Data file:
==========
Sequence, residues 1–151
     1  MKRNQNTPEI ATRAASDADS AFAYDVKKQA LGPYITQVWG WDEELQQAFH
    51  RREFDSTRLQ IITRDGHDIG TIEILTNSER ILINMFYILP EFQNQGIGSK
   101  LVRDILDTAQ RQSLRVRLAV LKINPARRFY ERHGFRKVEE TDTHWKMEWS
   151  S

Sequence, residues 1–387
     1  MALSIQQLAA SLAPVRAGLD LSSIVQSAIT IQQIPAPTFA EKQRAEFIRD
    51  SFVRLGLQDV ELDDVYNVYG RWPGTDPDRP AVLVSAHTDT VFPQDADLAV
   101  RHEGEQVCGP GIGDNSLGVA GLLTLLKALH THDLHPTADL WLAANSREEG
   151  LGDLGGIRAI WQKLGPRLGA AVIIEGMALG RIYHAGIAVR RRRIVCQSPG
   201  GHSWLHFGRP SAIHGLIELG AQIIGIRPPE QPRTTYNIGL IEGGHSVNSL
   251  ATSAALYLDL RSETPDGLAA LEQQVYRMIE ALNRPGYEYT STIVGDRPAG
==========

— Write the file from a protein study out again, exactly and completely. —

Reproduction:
Sequence, residues 1–151
     1  MKRNQNTPEI ATRAASDADS AFAYDVKKQA LGPYITQVWG WDEELQQAFH
    51  RREFDSTRLQ IITRDGHDIG TIEILTNSER ILINMFYILP EFQNQGIGSK
   101  LVRDILDTAQ RQSLRVRLAV LKINPARRFY ERHGFRKVEE TDTHWKMEWS
   151  S

Sequence, residues 1–387
     1  MALSIQQLAA SLAPVRAGLD LSSIVQSAIT IQQIPAPTFA EKQRAEFIRD
    51  SFVRLGLQDV ELDDVYNVYG RWPGTDPDRP AVLVSAHTDT VFPQDADLAV
   101  RHEGEQVCGP GIGDNSLGVA GLLTLLKALH THDLHPTADL WLAANSREEG
   151  LGDLGGIRAI WQKLGPRLGA AVIIEGMALG RIYHAGIAVR RRRIVCQSPG
   201  GHSWLHFGRP SAIHGLIELG AQIIGIRPPE QPRTTYNIGL IEGGHSVNSL
   251  ATSAALYLDL RSETPDGLAA LEQQVYRMIE ALNRPGYEYT STIVGDRPAG